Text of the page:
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India-US agreed to resolve differences over public stockholding for food security under WTO

Nov 14, 2014 15:15 IST

India and the United States on 13 November 2014 reached an agreement to resolve the differences over public stockholding for food security under World Trade Organisation (WTO).

As per the deal agreed between India and the US, the Peace Clause under Bali package will be allowed to continue in perpetuity and India’s food security programme will not be challenged under the WTO rules until a permanent solution to it is found.


Under the Peace Clause, a four year interim period starting from December 2013 and ending on December 2017 is provided during which all the issues related to food security would be addressed and a permanent solution will be reached.

However, bilateral agreement between India and the US need an endorsement by the 160 WTO members. In lieu of this India will now move its proposal on food security before the WTO’s General Council in December 2014.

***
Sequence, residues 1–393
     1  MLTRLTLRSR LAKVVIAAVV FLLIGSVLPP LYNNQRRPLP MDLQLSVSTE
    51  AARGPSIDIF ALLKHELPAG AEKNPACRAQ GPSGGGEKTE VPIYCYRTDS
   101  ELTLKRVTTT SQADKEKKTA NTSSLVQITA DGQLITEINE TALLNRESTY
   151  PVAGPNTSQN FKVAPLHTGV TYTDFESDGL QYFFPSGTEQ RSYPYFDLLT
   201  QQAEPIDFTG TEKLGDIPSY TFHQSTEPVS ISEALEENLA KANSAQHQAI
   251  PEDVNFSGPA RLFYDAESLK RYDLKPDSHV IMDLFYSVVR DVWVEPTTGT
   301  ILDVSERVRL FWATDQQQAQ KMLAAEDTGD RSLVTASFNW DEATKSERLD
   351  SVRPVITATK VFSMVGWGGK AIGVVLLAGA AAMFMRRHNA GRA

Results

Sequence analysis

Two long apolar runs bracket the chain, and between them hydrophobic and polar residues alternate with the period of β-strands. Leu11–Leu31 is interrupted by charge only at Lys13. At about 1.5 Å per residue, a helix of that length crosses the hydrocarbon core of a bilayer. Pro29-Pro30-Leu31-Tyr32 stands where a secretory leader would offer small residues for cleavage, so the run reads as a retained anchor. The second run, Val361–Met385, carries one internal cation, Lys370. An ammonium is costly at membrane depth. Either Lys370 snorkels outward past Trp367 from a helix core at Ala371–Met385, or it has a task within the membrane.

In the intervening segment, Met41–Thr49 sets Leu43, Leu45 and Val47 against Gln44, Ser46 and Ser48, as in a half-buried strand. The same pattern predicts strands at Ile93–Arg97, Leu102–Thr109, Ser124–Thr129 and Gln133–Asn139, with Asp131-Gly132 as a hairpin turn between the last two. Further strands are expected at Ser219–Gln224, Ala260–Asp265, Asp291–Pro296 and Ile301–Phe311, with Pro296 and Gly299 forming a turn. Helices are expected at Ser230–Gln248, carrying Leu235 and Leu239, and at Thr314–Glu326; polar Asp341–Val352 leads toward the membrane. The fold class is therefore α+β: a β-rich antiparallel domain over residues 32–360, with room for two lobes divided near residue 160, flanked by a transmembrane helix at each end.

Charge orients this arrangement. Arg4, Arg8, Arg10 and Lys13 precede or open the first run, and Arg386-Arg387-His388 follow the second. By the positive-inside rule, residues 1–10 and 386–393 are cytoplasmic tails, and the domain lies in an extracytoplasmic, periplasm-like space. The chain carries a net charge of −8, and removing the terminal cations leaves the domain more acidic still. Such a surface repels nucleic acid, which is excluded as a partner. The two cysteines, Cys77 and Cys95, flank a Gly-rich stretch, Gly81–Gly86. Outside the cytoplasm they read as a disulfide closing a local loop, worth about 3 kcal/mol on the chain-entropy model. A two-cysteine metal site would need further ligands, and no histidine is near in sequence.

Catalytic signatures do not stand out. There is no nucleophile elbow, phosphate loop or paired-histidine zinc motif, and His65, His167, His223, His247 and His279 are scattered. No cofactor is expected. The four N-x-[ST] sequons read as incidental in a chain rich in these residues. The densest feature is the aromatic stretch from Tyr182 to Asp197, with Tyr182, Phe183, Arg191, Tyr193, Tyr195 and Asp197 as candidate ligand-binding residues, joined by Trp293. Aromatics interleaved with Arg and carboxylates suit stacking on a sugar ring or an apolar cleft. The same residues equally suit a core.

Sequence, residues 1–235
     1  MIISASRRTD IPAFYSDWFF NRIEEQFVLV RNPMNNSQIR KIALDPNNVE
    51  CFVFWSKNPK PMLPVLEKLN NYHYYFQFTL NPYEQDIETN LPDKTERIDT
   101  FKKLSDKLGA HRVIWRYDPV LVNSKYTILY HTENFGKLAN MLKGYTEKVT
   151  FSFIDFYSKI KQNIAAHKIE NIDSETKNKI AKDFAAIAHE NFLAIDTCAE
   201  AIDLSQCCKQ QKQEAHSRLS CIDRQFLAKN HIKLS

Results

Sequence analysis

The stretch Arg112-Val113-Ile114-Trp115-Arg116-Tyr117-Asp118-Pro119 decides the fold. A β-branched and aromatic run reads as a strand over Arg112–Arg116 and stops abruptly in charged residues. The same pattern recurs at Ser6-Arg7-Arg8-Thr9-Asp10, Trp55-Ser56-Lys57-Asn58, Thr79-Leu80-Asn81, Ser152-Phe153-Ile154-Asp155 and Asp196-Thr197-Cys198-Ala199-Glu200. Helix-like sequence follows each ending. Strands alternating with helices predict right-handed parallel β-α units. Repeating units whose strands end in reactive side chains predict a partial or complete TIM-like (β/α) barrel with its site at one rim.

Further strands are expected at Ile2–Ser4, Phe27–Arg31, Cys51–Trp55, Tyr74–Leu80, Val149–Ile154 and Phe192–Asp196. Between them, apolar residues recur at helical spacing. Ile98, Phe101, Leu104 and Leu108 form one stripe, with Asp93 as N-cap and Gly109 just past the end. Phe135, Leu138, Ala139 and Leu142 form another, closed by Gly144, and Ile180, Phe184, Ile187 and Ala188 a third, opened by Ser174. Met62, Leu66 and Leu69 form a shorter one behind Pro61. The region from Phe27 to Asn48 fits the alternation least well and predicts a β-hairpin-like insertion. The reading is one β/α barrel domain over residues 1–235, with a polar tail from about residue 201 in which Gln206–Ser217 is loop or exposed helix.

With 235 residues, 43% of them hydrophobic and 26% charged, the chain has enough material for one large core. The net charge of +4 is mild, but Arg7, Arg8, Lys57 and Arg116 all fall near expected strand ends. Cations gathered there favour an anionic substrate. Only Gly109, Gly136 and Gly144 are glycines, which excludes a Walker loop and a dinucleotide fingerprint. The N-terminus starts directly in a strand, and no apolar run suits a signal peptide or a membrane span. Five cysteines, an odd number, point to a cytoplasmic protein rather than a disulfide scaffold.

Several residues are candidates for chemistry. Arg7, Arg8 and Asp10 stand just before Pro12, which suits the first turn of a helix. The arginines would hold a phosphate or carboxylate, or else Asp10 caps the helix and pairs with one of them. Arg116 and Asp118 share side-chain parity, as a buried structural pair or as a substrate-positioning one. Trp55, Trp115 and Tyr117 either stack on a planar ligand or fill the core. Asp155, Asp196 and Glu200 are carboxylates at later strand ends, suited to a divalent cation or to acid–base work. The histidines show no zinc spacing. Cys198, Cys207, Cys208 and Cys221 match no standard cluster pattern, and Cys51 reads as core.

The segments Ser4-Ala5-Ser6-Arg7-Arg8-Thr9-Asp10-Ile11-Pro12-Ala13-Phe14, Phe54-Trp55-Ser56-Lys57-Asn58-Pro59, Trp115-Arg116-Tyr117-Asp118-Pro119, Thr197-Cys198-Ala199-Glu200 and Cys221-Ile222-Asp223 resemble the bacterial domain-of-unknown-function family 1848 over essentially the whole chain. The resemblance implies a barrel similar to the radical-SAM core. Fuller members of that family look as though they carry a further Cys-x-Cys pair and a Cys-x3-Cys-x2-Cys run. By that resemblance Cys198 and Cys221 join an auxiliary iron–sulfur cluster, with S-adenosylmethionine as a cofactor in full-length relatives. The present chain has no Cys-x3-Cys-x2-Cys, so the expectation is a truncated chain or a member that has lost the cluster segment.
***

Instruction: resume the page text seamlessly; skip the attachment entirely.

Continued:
The breakthrough in the stalled WTO process over TFA comes close on the heel of US-China pact to cut tariffs on IT products and U.S. agreement with China on carbon emissions. These two pacts were agreed between US and China during APEC Summit in Beijing on 11 November 2014

Impact of the India-US deal on WTO trade reforms
The agreement will help pave the way for reaching a consensus on Bali Package of WTO and help implement far reaching reforms of custom rules under Trade Facilitation Agreement (TFA). TFA aims at simplifying customs procedure, increasing transparency and reducing transactions cost to allow unhindered trade.

According to the International Chamber of Commerce (ICC) streamlining the customs procedures could add 1 trillion US dollars to the world economy and create 21 million jobs across the world.

This in turn will help revive the WTO as a global trade body, the future of which became uncertain after India vetoed to sign the TFA in July 2014 until a permanent solution to the issue of food security was found.


How the deal will help India?
Further, it will help India continue its food security programme and food subsidy. India was concerned that the WTO rules were limiting its farm subsidies and would undermine its spending on food stockpiles intended to ensure that the poor have enough to eat.

In a recent disclosure to the WTO, India said its state food procurement cost 13.8 billion US dollars in 2010-11, part of the total of 56.1 billion US dollars it spends on farm support. Wheat stocks, at 30 million tonnes, are more than double official target levels

 

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